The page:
We all want to be free.  Whatever our definition of freedom—and there are probably as many definitions as there are people—we all want to be independent, with the right to make our own decisions and set our own agenda.  We want to be indebted only to the people we want to be beholden to, and not have to appease those we don’t want anything to do with.
            Paul, writing to the Galatians, discussed this matter of freedom.  “Now before faith came,” he says, “we were held captive under the law, imprisoned….”  Being held captive is the opposite of freedom.  We can’t make our own decisions.  We can’t do what we want.  We are confined by something (in this case, “the law”) which ties us down.
For most of us, being in school was not freedom.  We had to be where we were supposed to be.  We had to do what we were told.  We had to do work that might not have appealed to us, and take classes that we saw no practical use for. 
            Paul wasn’t thinking of some organized institution where young people spend their days. He uses the word “guardian.”  What he had in mind was a pedagogue, or tutor. The guardian or pedagogue was a slave in the Greek household.  His job was not simply to teach the young child (usually a male), but to guide him, to protect him from negative influences, to keep him on the straight and narrow until he matured, so that he knew right from wrong and consistently chose the right.  The guardian represented the opposite of freedom.  The child was not free to do what he wanted, but rather was controlled by the pedagogue.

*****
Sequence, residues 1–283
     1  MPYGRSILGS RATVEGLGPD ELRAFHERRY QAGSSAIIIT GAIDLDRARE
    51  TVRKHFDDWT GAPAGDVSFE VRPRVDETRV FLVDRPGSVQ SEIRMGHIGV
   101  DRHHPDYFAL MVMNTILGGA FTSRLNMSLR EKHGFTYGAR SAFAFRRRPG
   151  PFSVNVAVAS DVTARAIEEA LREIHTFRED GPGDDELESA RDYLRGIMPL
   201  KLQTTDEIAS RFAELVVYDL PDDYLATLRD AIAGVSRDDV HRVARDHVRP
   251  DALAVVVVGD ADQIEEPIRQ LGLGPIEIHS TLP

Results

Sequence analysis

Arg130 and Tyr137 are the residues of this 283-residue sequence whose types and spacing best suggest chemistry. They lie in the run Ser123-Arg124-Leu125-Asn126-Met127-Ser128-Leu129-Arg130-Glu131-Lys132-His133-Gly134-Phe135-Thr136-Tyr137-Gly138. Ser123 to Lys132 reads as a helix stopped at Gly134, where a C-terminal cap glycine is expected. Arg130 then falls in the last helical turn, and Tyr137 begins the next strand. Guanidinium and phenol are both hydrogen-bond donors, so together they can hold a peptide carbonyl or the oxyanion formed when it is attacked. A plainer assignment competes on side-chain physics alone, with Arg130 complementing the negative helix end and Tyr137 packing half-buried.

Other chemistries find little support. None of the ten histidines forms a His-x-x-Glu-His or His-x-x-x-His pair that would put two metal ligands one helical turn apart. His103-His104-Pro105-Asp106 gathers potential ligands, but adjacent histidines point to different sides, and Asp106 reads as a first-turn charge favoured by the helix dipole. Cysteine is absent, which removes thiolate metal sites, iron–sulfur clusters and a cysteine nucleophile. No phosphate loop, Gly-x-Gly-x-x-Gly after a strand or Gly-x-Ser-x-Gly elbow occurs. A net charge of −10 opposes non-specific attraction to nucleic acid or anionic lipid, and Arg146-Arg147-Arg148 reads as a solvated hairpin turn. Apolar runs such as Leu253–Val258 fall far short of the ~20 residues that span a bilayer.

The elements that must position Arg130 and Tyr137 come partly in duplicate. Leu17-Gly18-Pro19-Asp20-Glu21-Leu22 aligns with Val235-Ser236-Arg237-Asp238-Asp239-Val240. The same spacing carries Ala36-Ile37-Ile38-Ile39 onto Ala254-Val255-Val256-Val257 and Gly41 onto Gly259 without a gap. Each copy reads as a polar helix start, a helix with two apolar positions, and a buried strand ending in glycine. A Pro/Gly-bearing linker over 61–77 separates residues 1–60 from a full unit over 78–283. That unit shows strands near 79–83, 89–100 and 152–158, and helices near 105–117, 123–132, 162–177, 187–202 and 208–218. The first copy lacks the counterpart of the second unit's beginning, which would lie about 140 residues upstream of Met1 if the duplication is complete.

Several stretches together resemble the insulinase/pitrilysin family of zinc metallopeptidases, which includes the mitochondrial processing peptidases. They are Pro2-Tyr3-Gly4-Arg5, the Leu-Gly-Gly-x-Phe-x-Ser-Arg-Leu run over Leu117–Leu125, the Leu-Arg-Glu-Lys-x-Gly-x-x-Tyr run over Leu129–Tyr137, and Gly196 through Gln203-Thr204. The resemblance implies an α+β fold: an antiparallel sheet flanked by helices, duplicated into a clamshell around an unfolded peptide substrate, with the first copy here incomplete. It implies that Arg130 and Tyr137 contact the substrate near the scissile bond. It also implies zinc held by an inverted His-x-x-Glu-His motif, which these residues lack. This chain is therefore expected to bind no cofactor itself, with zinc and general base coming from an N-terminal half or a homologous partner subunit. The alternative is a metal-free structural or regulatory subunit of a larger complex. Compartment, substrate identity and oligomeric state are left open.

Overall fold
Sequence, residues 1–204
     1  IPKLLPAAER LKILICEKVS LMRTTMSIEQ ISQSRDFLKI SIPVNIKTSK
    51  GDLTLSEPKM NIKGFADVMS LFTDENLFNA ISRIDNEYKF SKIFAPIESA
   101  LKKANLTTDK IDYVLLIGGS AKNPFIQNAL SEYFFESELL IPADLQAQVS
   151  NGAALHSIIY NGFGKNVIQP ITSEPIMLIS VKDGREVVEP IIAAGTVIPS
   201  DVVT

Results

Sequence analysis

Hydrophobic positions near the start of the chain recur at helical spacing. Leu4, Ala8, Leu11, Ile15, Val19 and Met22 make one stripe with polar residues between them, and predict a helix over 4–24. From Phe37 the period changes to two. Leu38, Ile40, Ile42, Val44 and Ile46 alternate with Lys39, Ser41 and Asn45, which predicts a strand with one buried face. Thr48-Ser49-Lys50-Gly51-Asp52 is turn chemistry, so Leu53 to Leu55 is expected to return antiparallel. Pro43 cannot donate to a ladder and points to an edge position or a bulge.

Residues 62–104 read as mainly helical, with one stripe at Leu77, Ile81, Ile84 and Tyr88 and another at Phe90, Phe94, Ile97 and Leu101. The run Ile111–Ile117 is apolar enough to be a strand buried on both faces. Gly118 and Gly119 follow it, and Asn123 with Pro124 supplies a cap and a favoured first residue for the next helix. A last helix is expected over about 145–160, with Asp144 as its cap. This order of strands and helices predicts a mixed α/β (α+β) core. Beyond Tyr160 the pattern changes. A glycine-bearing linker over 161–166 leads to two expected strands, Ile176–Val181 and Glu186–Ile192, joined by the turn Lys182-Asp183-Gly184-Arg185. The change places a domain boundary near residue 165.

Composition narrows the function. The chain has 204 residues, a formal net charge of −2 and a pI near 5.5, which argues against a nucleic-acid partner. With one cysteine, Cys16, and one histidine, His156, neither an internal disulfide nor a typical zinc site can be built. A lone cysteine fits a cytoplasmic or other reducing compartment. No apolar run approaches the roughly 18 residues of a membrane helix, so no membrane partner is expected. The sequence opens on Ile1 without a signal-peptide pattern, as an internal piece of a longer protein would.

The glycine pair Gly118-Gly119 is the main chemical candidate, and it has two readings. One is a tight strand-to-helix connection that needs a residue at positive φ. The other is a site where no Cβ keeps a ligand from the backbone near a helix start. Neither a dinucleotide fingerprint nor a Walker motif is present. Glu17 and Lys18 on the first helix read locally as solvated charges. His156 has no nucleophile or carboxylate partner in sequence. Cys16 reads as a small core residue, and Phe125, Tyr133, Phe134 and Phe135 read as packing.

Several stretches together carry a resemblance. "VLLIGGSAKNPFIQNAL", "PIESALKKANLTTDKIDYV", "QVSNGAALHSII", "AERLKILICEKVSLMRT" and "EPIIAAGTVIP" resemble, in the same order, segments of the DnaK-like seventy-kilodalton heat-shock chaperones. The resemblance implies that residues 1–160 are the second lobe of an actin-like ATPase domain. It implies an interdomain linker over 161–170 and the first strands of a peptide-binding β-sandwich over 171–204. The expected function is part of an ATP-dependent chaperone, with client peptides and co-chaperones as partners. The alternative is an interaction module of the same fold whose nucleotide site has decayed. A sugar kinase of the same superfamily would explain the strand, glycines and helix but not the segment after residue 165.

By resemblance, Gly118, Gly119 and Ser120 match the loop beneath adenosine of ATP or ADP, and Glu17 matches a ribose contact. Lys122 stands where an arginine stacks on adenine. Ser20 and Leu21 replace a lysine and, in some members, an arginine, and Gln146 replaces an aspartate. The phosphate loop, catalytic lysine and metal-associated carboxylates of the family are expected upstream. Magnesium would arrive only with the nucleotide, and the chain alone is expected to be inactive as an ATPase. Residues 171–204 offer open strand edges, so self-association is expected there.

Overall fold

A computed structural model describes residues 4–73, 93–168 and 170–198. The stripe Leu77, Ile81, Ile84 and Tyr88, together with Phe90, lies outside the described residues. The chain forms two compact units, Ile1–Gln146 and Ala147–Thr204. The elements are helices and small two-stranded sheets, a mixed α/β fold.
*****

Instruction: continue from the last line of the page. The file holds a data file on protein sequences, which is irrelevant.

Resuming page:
Paul says that’s the way the law worked.  It established boundaries within which people had to live.  They were required to abide by the strictures of the law.  For all the talk in Psalm 119 and other places in the Hebrew Scriptures about the glory of Torah, by the first century B.C.E. the law had become restrictive.  Freedom was curtailed by the law’s boundaries.
            Paul says Jesus came to change that.  With the coming of Jesus Christ “we are no longer under a guardian,” he says.  “For in Christ Jesus you are [children] of God through faith.”  Faith has replaced the law, and freedom has replaced restriction.  We understand what’s right and try to do it, guided by the Holy Spirit.  The boundaries of the law have been removed.  “For as many of you as were baptized into Christ have put on Christ.”

            This putting on Christ is not just a matter of changing clothes, but of changing our nature.  We become new creations—God’s creatures.  The boundaries between people are gone.  Paul says there are no artificial divisions between groups of people:  no Jew and Greek, no slave and free, no male and female; and we should add no black and white, no southerner and northerner, no Methodist, Presbyterian, Baptist, Episcopalian—you can add your own categories.  We have been changed.  We are different—something new.  We are all members of the household of God, free from any boundaries or restrictions.  We are free to be God’s children, with no boundaries between us.